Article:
Mumbai: Hotels and shops in Mumbai are installing closed-circuit televisions and scanners, while policemen in flak jackets are keeping an eye on train stations days after a siege by Islamist gunmen killed 183 people.
The attacks on two of Mumbai’s plushest hotels and eight other sites has sent businesses and homes scrambling for more protection, but the city’s security infrastructure was woefully inadequate and desperately needed an overhaul, experts said.
“People get serious about security only after something happens,” said Pramoud Rao, the Mumbai president of the non-profit Fire and Safety Association of India. “Otherwise, we Indians tend to think God will protect us.”
Demand for electronic security systems in India had spiked after recent attacks, including the 2006 suburban train blasts in Mumbai, and explosions in New Delhi and other cities this year.
Still, the total spent on electronic security systems is only about Rs1,800 crore ($360 million) annually, Rao estimates.
A bouquet of flowers was left at Taj hotel in Mumbai on 30 November. Demand for electronic security systems has spiked after the recent attack. Ruth Fremson / The New York Times
Indian cities, in particular, which have been the focus of recent attacks, needed sophisticated surveillance systems and landmarks such as hotels, places of worship, and train stations needed advanced security with easy access to emergency services.
“Most homes and offices now just have a poorly trained guard at the gate whom they pay $50 a month, and most security systems are focused on politicians and traffic violations,” Rao said.
But Mumbai, the financial hub and long a magnet for migrants, is a city of 18 million with a long coastline, and that made it harder to protect, said Julio Ribeiro, a former police chief.
“It’s not easy—you can’t guard each and every place.”
A week after the attacks first began, security in the city was erratic.
At the main train station which was attacked last week, commuters could be seen rushing through scanners unopposed even when they flashed “Stop”, while armed policemen with sniffer dogs checked bags at random.
At other train stations, some policemen in flak jackets were reading newspapers or drinking tea during the morning rush hour, while the heavy police presence on the roads was visibly reduced.
In offices, private security guards were checking identity cards of employees, and in big hotels, bags and vehicles were scanned.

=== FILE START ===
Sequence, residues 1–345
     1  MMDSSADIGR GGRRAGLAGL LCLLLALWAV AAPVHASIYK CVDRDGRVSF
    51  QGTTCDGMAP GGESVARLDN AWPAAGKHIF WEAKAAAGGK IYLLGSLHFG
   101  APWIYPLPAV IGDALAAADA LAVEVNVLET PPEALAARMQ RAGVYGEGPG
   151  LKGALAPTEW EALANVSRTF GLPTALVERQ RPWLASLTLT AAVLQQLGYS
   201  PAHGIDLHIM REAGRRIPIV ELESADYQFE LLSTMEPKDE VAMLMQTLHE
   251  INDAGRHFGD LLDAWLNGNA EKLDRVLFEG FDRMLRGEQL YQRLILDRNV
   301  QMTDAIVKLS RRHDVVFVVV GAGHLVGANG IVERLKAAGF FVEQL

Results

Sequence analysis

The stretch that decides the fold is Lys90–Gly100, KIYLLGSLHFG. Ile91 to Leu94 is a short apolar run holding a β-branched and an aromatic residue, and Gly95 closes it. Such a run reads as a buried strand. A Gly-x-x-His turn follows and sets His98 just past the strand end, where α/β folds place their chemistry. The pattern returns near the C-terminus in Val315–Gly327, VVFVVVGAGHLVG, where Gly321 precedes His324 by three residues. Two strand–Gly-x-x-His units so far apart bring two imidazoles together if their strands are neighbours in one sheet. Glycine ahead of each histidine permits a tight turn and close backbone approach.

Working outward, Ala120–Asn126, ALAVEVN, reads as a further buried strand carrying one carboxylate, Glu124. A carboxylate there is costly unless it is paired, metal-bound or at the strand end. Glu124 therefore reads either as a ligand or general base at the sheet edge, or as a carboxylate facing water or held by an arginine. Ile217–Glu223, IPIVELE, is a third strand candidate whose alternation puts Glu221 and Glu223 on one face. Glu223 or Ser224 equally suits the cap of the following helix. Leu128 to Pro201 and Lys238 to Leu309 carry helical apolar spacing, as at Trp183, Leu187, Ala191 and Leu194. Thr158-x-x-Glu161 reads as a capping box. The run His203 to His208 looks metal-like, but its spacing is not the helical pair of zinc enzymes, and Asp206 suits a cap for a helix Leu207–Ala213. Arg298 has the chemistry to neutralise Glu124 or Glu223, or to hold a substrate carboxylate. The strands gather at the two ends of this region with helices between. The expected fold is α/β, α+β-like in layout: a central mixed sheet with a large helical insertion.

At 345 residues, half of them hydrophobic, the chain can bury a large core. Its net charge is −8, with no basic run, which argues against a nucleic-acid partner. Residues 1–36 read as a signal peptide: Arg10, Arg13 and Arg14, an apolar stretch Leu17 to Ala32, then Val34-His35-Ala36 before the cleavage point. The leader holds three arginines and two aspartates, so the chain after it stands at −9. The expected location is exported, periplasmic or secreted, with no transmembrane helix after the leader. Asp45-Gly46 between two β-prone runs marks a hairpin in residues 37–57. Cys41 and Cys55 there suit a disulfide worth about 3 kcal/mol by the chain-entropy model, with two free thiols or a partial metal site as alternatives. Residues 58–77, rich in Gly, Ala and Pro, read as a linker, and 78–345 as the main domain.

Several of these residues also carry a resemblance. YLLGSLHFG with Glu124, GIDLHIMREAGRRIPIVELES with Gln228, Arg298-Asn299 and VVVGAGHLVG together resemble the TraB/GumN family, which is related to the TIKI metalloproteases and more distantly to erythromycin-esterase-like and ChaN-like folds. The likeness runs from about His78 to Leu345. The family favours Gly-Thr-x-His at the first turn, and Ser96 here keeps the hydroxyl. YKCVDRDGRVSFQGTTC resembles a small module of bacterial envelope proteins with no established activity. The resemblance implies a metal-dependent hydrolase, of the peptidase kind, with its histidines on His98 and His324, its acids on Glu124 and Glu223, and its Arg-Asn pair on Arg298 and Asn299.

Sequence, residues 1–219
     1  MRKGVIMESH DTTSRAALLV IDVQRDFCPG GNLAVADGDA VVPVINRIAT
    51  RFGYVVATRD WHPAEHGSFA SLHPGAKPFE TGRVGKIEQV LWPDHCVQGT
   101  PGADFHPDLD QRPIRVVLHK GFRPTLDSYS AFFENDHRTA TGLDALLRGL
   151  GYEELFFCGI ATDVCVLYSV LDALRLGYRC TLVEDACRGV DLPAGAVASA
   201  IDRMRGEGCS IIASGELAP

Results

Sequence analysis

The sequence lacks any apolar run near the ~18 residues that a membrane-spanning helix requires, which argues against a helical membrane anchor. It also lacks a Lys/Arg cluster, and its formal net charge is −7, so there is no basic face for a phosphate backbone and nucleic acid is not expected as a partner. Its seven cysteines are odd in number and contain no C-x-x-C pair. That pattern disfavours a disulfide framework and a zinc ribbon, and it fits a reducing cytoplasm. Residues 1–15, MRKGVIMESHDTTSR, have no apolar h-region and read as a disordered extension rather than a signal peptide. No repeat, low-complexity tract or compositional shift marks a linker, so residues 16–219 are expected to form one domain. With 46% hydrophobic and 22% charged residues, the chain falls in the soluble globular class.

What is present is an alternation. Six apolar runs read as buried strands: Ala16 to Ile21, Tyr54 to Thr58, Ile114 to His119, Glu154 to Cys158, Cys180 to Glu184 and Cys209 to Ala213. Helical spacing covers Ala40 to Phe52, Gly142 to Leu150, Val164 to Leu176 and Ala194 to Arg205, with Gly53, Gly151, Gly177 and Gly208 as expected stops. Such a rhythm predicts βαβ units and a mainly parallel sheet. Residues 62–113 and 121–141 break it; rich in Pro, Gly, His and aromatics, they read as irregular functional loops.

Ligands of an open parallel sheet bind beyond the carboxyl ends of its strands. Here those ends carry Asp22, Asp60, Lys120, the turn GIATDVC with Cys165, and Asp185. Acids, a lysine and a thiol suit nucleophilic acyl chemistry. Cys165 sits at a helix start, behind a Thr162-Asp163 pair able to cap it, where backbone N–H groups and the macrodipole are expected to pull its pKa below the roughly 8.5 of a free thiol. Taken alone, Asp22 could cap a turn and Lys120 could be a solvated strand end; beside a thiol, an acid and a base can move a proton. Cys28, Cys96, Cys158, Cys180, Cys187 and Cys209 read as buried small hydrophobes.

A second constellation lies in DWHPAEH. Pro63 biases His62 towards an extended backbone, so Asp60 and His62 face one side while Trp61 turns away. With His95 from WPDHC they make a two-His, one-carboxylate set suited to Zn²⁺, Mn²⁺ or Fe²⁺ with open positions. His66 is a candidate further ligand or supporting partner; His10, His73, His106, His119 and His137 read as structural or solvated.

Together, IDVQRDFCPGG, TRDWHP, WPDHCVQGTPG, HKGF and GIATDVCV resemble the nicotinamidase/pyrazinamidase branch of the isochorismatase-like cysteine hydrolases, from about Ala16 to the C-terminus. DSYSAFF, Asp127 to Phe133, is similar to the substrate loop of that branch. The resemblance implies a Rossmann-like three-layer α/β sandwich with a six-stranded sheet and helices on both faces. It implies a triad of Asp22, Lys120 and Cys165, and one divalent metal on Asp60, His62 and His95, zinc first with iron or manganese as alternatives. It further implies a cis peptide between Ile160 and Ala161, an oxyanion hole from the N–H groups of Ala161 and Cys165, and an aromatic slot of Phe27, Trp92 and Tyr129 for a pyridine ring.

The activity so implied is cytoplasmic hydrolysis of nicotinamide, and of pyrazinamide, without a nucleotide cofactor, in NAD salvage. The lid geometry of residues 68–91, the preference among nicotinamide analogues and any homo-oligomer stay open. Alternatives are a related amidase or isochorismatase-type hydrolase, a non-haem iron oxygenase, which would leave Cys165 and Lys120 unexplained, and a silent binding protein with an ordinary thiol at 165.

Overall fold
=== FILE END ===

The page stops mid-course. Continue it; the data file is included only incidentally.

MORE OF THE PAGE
At the luxury Leela hotel, armed plainclothes security guards were patrolling every floor at intervals, an official said.
“We are doing it subtly, in an unobtrusive manner, as we don’t want to alarm guests,” said Mithu Basu, general manager for Leela’s corporate communications.
“Guests want to be assured we are taking security seriously.”
Mumbai’s police chief on Tuesday, 2 December, said they had received information that hotels such as the Taj may be targeted following the blast at Islamabad’s Marriott hotel in September.
Ratan Tata, chairman of the Tata group that owns Taj hotels, has said security at the hotel had been beefed up weeks before.
But one guest that was trapped at the Trident Oberoi hotel during the siege said he had noticed how lax security was.
“There was one scanner at the entrance, and no one was monitoring it. Half the people were walking around it,” said Anil Malhotra, who was trapped on the 27th floor for 40 hours during the siege that killed 22 guests and 10 employees at the hotel.
P.R.S. Oberoi, chairman of EIH Ltd, the owner of the Trident Oberoi hotel, last week said it was difficult to balance security requirements with the luxury segment, but Malhotra disagreed.
“That’s just a cop out. I think everyone appreciates the need for security in today’s environment,” he said.
It was hard for luxury hotels to “pat down their guests with a smile”, Rao said, but they could not relax just yet.
“Our memory’s very short. We’ll forget all this soon and get back to what we were doing before. That’s the real danger.”